…remember this admonition from the Globe and Mail, which writes,
A blatantly biased news machine furthering the views of Vladimir Putin and attempting to present the world from his point of view. …
But it’s not funny. It’s a bracing, brazen example of skewing the news coverage. And it is not without power and influence. It is commonly accepted that RT pays American cable and satellite companies handsomely to carry the channel. It has a lot of money to spend and has slick, well-staffed channels in several countries.
One Russian TV crew tried to be slick in Sweden and failed miserably. Foreign Policy reports
“They came up to us and said they wanted to see some action. They wanted to bribe us 400 [krona] each,” Mohammed, a Rinkeby resident, told Danish radio station Radio24syv. (400 krona is about $45.)
But when Swedish police approached the camera crew and group of youngsters, the Russian journalists suddenly changed their tune. “While we were talking to them, the police came over to us. We did not want to do any of that. But when the police came the Russian journalists said that we were the ones who had said that we would show them some action for 400 [krona] each,” said the boy.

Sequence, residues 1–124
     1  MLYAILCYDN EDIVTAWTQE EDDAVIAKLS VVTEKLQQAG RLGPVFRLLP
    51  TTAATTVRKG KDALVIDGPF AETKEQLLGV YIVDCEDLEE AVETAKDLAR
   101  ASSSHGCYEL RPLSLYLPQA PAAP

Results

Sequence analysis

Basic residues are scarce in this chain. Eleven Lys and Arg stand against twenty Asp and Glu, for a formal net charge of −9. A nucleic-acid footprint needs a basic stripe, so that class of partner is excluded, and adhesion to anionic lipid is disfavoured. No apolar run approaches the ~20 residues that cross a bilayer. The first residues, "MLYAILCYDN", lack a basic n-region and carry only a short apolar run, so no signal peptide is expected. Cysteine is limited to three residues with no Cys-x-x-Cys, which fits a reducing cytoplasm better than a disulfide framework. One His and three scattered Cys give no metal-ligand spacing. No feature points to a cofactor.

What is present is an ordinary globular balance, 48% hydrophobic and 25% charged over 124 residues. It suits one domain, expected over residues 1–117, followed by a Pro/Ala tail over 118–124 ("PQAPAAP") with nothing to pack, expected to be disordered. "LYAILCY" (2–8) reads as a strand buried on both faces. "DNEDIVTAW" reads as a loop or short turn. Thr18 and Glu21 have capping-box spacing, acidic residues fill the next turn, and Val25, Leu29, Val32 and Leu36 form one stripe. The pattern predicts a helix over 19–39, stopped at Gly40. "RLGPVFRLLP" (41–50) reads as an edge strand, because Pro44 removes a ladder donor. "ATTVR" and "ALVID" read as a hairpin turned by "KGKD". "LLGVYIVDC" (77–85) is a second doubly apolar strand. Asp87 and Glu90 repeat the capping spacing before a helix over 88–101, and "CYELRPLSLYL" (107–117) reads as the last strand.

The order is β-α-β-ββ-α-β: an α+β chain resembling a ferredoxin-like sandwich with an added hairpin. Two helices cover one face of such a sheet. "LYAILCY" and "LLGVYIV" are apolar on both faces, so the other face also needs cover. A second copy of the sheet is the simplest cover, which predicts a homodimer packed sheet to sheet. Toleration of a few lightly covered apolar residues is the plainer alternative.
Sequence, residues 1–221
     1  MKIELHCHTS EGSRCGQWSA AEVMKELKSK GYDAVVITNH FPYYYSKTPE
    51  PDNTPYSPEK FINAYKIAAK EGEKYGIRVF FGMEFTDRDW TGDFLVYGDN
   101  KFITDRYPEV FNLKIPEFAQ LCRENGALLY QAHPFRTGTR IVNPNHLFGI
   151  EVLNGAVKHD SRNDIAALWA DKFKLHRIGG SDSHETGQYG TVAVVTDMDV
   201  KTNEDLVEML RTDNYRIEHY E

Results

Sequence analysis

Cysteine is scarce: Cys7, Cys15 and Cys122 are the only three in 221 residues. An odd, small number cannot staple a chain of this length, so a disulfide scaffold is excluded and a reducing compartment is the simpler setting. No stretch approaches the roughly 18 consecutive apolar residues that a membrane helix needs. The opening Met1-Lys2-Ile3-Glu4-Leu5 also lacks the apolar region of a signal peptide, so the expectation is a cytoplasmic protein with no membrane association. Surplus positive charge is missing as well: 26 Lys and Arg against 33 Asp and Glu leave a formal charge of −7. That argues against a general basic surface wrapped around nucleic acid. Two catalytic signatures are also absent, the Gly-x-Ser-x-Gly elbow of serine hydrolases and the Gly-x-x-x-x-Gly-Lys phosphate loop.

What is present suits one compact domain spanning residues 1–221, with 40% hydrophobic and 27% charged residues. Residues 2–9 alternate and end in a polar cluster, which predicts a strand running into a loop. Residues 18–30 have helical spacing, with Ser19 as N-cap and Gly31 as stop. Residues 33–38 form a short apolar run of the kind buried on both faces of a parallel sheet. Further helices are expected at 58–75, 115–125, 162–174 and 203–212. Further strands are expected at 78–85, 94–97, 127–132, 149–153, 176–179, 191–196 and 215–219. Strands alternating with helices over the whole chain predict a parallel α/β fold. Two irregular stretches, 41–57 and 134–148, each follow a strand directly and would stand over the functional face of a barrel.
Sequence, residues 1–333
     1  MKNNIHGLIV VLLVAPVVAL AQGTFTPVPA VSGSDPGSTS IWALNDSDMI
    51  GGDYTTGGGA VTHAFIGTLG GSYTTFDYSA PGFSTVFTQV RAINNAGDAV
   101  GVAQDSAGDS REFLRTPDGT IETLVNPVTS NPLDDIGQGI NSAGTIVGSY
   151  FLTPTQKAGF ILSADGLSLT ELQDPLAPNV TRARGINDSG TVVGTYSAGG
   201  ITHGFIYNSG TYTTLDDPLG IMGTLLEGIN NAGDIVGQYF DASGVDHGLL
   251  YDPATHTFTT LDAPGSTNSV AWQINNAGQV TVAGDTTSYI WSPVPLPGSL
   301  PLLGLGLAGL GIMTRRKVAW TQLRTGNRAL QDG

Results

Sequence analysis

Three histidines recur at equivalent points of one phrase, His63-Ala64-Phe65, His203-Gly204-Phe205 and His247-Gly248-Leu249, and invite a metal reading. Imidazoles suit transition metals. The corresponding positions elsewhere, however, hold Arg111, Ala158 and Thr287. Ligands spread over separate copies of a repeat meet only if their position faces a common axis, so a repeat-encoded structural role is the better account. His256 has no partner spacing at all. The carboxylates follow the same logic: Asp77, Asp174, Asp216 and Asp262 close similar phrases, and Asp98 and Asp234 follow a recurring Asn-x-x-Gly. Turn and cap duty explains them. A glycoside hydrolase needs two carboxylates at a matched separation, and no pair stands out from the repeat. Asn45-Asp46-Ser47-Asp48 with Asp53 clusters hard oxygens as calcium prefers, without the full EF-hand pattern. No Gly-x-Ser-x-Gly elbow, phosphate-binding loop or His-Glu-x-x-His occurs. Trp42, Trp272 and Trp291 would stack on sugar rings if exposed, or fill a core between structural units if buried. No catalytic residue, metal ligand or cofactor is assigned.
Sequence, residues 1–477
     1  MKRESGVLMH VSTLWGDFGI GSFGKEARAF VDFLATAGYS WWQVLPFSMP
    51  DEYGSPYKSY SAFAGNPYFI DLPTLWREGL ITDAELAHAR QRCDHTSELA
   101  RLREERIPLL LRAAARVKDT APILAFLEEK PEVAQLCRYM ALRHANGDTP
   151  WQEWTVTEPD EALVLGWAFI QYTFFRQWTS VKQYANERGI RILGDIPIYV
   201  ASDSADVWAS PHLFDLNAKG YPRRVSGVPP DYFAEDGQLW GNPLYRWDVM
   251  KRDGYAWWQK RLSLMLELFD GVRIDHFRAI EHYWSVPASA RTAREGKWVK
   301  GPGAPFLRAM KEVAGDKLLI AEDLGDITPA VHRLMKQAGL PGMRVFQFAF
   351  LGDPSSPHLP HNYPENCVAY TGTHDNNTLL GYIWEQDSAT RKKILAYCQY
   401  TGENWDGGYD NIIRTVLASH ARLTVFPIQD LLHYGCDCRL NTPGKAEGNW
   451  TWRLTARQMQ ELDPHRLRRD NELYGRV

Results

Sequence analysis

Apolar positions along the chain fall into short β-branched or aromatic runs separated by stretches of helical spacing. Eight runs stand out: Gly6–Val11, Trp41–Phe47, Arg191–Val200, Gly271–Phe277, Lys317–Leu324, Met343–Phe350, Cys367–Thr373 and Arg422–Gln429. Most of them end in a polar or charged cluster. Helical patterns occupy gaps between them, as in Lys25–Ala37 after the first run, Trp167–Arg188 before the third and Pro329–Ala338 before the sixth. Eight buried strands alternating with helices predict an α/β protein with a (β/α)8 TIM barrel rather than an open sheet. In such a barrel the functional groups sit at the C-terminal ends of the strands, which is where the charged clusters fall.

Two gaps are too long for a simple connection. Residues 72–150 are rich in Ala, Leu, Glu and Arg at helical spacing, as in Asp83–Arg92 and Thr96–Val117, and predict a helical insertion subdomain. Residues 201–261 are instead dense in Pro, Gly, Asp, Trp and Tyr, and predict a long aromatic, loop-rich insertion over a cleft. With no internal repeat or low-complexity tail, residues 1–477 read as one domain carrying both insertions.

The Russian TV crew didn’t identify their outlet. But it falls in line with a wider pattern of Russian state-funded media portraying Europe as falling apart due to immigration.
Read that again. A TV crew tried to make up the news when it didn’t find the protest scene it wanted. Journalism is not acting. It is not made by making up events. Hmmm…I wonder if that message also is understood by non-news sites such as Breitbart?
Meanwhile, it will be worth watching (eh, maybe) how RT dissects North Korea’s missile program and nuclear ambitions. The Moscow Times already has and reports
For Russia, North Korea has only ever served one purpose: as a buffer state. The Soviet Union supported Pyongyang, seeing it as Communism’s eastern outpost and a bulwark against the U.S.’s pacific interests. Much of this support was economic and relations between North Korea and Russia today are a hangover from the past.